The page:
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In February I was diagnosed with breast cancer. It literally came out of nowhere, starting with the discovery of a lump just under the skin on my right breast. I dutifully went to the doctor, who suspected a cyst but, also dutifully, sent me for an ultrasound. Since I was male, neither of us seriously considered the possibility of breast cancer. After all, according to the Canadian Cancer Society less than one per cent of breast cancers occur in men. We were both wrong.
I found myself going through the standard emotions: shock, denial, anger, etc. In my case the anger was considerable. Less than five years before I had gone through eight hours of open-heart surgery and months of slow painful recovery after being diagnosed with a life-threatening thoracic aortic aneurysm, another supposedly extremely rare condition. I still carry the after-effects. I thought I had fought my war and was done with these long-shot diseases.
Acceptance, however, did eventually come. Along with my resolve to beat this thing, just as I had done before. But I quickly learned that this second fight for my life would be different. Who knew how unexpectedly pervasive and illogical male vanity could be? And, care providers excepted, I was the only man in sight, and mind. The cancer care navigator at the hospital handed me a hefty manual entitled A Woman’s Guide to Breast Cancer Recovery without a hint of irony. For a man, the breast cancer journey is a particularly lonely one.
Diagnosis was rapidly followed by surgery (a mastectomy and removal of some lymph nodes, a few of which were cancerous) and the beginning of a demanding treatment protocol. All against the complicating backdrop of COVID-19.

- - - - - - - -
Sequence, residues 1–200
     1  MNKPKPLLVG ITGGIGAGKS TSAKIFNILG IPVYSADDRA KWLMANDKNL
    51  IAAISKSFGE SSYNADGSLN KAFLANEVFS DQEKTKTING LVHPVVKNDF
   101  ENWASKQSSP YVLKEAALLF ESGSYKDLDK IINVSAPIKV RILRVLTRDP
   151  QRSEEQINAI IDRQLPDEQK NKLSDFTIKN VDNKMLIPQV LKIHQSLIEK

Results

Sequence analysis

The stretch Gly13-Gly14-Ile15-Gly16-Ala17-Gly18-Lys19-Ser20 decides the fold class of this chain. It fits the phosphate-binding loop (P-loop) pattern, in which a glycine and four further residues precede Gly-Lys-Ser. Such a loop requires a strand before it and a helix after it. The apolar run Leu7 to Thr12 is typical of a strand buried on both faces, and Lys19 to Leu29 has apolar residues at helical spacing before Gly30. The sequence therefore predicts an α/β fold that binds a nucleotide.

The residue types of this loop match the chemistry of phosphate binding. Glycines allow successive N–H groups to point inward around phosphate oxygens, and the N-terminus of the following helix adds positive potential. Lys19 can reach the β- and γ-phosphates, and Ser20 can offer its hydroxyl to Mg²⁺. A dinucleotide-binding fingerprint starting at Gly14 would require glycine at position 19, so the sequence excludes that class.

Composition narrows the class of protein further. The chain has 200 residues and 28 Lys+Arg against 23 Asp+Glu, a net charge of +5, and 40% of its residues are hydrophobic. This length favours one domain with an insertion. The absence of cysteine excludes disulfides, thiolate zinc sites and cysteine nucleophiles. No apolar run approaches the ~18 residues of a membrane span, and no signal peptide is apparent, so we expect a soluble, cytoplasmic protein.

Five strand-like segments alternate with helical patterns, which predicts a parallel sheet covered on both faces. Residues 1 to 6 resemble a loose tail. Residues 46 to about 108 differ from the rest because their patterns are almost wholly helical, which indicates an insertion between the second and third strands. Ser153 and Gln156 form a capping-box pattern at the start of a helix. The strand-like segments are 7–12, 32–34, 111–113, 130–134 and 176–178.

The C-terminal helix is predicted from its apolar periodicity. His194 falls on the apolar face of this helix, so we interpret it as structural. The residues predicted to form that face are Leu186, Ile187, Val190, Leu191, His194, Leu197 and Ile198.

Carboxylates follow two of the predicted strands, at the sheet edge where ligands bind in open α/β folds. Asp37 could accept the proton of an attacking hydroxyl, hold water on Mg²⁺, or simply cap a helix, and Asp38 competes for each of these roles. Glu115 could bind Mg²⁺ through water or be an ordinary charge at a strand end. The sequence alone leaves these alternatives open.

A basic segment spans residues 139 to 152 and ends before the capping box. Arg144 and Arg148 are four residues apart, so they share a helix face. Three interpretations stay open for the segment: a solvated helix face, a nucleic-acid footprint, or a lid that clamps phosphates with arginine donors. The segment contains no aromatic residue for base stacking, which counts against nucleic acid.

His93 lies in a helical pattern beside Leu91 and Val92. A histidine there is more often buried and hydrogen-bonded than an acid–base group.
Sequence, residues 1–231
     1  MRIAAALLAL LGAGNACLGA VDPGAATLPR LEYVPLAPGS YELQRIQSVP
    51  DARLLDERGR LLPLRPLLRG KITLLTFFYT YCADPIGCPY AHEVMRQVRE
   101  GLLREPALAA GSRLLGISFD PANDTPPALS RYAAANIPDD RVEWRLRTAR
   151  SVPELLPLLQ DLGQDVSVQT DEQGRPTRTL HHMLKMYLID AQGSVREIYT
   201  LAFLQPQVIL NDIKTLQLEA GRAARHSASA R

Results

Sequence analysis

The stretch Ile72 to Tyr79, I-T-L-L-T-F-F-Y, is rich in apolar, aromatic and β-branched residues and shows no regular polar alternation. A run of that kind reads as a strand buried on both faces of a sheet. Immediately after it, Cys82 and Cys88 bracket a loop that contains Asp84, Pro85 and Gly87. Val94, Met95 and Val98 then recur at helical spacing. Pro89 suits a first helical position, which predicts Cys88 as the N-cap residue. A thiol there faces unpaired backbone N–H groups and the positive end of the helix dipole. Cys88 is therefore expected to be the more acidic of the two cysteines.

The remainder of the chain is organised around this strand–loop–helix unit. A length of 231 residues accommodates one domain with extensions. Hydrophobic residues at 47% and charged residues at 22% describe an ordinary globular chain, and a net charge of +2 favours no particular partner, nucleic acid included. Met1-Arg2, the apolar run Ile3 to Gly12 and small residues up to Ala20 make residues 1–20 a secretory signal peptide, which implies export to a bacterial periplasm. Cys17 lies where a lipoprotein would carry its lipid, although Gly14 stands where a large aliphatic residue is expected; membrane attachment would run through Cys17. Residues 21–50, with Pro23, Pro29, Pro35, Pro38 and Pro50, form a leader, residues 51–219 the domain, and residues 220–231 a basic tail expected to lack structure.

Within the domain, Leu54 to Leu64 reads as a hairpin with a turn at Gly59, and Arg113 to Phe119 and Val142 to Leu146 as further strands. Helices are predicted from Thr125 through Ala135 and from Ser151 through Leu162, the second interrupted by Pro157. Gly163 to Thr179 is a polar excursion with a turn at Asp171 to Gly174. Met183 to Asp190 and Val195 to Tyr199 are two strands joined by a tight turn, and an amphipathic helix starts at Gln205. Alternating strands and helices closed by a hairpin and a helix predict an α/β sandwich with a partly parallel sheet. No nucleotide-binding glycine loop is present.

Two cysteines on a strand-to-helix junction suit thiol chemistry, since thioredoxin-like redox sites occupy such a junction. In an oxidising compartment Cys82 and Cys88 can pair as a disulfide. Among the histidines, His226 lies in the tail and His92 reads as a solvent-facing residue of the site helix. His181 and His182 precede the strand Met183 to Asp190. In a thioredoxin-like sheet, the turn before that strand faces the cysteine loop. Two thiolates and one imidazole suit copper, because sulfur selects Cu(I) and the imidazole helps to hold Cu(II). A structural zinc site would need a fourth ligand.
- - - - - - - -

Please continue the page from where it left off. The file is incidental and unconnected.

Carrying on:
After my second chemotherapy session my hair started to fall out in clumps, as I had been warned it would.
No big deal, I thought. After all, shaved heads were an accepted style option for men of all age groups these days, who was I to feel sorry for myself?
All I needed was the right equipment. Like so many others in this time of lockdown, I naturally turned to Amazon. But with barbers and stylists closed down, there had been a run on head shavers. The recommended familiar names like Philips, Remington and Conair were out of stock or had months-long delivery times.
That left me with few options. I was immediately drawn to the sexy looking Pitbull Platinum Electric Razor by Skull Shaver. After all, it sounded manly and offered “IPX5 water resistance technology” no less. But at $279.99? I thought not.
I eventually opted for the Glynee Electric Shaver for Men, at a reasonable $54.99 with free delivery within three days. The Glynee was one of a slew of identical looking and priced made-in-China products bearing such uninspiring names as Dee Banna, Kibley and Surker. No testosterone-boosting branding here, but affordable and, above all, available.
The Glynee arrived on the promised day courtesy of one of those stealth deliveries Amazon seems to employ these days. It just appeared on the porch without the hint of a door knock or any other notification.